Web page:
Maybe you want to be a little mysterious, but more likely you want to protect your privacy when browsing online. You don’t want cybercriminals seeing what you’re doing, or marketers knowing where you go online and what you search for. So, you anonymize your activity using Incognito mode or private browsing. Really though, you want to be using a virtual private network (VPN).
Google Chrome's Incognito mode helps maintain your privacy when you are online. Other browsers, such as Safari, Firefox, Microsoft Edge, or Internet Explorer, also offer private browsing. When the feature is at work, the browser does not save a record of the websites you visit or what you what you searched for. Plus, it doesn’t save any of your site logins. This means you have to do without the convenience of access credentials auto-populating.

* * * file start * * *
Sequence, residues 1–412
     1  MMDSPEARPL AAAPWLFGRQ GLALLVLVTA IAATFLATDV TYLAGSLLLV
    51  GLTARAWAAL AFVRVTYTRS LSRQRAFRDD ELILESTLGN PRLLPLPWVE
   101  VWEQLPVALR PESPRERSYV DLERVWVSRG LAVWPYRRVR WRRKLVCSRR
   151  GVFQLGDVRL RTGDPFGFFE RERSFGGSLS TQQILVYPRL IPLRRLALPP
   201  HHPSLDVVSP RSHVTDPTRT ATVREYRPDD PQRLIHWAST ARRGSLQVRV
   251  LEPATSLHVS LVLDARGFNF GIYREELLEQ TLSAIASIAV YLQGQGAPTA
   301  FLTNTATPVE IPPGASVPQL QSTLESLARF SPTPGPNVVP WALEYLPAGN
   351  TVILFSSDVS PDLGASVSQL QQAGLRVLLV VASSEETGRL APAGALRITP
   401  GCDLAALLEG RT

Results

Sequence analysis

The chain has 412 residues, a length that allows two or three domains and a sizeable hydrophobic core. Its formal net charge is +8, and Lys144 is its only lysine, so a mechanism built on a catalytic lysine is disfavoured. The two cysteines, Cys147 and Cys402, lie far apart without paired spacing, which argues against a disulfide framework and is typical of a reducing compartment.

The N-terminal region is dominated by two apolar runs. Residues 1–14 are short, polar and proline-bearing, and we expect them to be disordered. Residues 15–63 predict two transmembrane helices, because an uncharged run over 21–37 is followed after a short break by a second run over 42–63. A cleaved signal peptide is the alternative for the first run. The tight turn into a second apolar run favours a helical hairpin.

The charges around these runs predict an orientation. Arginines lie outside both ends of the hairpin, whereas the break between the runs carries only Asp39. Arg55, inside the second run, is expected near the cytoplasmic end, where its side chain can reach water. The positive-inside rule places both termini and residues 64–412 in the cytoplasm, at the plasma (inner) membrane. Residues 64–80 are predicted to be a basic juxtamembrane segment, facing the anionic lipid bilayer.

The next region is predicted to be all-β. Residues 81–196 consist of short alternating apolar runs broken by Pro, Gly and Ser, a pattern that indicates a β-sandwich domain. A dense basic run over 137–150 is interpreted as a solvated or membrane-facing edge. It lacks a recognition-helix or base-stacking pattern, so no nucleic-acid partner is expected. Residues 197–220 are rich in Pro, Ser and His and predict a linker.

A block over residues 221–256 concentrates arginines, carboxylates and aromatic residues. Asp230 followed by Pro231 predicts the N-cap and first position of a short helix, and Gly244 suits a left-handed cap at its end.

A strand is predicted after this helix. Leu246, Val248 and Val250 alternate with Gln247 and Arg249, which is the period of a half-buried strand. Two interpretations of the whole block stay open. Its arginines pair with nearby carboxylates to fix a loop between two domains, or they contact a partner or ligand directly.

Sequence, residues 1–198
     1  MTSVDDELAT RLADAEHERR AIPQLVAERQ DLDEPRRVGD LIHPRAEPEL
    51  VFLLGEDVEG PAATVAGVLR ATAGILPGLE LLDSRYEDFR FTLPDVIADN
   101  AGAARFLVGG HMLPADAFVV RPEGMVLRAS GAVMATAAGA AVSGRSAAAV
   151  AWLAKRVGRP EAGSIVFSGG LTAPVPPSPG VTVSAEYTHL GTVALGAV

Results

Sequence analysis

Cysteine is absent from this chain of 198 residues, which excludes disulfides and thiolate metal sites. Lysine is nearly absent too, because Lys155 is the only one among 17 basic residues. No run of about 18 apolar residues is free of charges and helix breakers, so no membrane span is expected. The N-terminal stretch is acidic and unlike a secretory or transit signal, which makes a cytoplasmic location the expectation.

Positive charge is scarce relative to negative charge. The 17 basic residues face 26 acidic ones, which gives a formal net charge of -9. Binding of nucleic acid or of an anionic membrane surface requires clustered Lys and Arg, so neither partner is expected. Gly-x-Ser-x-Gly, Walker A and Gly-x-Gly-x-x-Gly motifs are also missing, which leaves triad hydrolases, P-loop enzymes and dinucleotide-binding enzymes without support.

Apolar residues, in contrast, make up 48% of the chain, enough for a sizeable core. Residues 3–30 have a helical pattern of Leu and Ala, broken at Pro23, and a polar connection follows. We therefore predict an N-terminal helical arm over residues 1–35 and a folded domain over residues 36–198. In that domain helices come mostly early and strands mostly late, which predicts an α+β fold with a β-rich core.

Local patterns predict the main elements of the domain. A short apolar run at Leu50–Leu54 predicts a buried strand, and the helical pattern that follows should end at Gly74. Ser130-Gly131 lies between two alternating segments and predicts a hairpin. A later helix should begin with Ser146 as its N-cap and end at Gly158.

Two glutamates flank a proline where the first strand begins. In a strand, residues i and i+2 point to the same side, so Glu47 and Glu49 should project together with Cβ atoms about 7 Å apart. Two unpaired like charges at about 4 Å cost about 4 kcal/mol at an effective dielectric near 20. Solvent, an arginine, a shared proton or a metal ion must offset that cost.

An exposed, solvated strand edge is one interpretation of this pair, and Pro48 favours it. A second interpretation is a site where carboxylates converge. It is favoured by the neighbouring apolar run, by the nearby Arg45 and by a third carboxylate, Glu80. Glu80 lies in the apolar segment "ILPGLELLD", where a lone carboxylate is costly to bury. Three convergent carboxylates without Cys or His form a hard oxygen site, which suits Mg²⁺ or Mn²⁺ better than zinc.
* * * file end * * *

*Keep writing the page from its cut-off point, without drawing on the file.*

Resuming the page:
Privacy browsing also disables plugins that may be used to track your internet activity. Still, plugins often serve a purpose while we’re on the internet. So, again, disabling them can disrupt your convenient, efficient browsing experience.
Yet, as cybersecurity concerns rise, recognizing privacy concerns while browsing may not be enough. For one thing, hiding your browser activity is only half the battle. You should also know that:
your internet service provider (ISP) may be monitoring the sites you visit;